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(Family Division, Pauffley J, 16 June 2011)
The 17-year-old girl had significant learning difficulties and functioned at around the level of an 8-year old. She made allegations of sexual abuse against her father and care proceedings were initiated in relation to herself and her 7-year-old brother. The Official Solicitor, who acted for the girl, was of the provisional view that she should not be called to give evidence.
Two expert reports, one from a psychologist and one from a psychiatrist assessed the girl and found that with the appropriate support and safeguards she would be competent to give evidence. The Official Solicitor maintained his stance. Drawing on the guidance in Re W  UKSC 12, the only sensible conclusion was that the girl should be required to give live evidence.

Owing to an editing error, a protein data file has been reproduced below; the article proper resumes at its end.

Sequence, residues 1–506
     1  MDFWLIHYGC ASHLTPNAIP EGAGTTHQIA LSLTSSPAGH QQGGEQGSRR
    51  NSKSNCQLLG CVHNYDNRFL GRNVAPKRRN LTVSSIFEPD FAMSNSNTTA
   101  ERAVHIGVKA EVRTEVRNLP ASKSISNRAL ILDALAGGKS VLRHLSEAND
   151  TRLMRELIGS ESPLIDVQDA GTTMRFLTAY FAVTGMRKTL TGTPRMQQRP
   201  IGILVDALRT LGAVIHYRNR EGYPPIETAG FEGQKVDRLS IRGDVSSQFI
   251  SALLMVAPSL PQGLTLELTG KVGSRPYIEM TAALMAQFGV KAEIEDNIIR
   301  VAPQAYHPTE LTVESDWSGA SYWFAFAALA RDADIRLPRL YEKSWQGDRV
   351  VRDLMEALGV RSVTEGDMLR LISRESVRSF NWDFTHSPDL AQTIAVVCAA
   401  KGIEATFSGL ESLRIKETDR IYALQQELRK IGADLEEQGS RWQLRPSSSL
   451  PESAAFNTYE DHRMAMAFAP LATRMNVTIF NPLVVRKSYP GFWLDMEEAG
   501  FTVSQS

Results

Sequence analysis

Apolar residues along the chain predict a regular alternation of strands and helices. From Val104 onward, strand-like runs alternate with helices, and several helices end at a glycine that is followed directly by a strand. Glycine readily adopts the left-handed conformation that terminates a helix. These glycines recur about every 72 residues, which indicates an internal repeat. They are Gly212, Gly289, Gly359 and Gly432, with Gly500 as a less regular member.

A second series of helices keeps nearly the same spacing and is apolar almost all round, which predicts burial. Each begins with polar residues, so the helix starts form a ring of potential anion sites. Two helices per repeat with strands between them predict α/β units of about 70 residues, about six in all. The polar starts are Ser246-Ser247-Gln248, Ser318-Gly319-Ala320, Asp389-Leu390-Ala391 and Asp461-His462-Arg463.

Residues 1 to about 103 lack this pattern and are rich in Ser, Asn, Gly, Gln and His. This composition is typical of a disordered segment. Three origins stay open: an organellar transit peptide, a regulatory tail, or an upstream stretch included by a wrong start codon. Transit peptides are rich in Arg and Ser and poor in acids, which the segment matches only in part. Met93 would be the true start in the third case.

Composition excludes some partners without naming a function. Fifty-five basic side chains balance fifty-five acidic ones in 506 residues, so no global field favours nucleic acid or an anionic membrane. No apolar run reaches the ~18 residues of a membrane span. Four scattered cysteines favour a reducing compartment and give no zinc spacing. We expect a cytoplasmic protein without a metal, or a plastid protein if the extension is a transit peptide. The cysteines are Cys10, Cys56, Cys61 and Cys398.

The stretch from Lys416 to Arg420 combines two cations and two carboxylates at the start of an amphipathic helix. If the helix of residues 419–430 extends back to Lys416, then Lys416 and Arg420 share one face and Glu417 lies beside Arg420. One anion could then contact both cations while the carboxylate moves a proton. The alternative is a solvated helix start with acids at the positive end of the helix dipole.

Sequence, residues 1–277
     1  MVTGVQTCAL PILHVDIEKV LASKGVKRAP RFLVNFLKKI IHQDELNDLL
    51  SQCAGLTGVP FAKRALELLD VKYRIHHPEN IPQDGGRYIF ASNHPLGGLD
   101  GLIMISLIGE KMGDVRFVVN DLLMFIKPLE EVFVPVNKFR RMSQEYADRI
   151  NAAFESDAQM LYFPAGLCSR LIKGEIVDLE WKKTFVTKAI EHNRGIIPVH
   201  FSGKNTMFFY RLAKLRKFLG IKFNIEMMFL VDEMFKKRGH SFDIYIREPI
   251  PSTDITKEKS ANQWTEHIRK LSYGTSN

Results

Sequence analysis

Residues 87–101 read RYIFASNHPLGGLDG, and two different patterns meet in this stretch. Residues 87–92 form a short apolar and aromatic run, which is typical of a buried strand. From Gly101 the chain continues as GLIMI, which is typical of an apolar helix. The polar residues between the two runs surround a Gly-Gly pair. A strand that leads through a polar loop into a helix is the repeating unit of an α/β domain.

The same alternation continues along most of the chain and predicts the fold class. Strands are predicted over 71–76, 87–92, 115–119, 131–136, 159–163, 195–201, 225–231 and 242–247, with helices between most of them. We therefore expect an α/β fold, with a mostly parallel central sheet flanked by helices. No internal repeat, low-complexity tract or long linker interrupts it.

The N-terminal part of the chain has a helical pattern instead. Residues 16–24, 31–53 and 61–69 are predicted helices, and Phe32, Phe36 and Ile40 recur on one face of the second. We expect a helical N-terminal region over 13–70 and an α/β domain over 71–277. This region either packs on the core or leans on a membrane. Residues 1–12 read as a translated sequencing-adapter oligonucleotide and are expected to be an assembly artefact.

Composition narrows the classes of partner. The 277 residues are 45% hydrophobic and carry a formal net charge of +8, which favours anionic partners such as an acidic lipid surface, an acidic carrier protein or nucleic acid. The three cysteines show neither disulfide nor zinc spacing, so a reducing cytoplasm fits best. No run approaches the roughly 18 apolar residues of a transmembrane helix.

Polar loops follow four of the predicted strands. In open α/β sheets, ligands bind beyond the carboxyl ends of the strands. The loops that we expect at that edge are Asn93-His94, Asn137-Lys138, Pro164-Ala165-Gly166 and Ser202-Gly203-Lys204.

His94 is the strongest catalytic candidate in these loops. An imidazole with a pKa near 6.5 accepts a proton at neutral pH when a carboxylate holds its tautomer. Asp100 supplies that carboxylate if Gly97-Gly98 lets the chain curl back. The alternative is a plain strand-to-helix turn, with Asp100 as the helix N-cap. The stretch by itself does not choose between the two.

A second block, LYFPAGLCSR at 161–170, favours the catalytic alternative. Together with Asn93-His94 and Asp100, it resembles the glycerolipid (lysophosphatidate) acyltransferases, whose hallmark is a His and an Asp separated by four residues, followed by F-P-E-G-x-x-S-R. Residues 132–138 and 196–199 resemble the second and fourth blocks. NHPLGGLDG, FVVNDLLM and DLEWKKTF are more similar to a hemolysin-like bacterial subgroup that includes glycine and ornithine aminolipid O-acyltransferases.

The local authority's case upon threshold was based upon the girl's allegations. The case against the parents rested on the sexual abuse allegations against the father and the mother's inability to protect her.
The judge's role in such a case was both inquisitorial and paternalistic. He or she was required to watch, assess and make constant judgments as to the utility, fairness and impact upon the witness of continuing. A balance had to be struck between on the one hand enabling a fair process and on the other protecting the vulnerable. The barristers would be permitted to begin questioning the girl in the usual way and whether or not that was allowed to continue would depend on the quality of the evidence given and the extent to which she was exhibiting signs of discomfort by reason of the switches in the identity of the questioner.
Formerly entitled the Ancillary Relief Handbook this is the first resort for thousands of...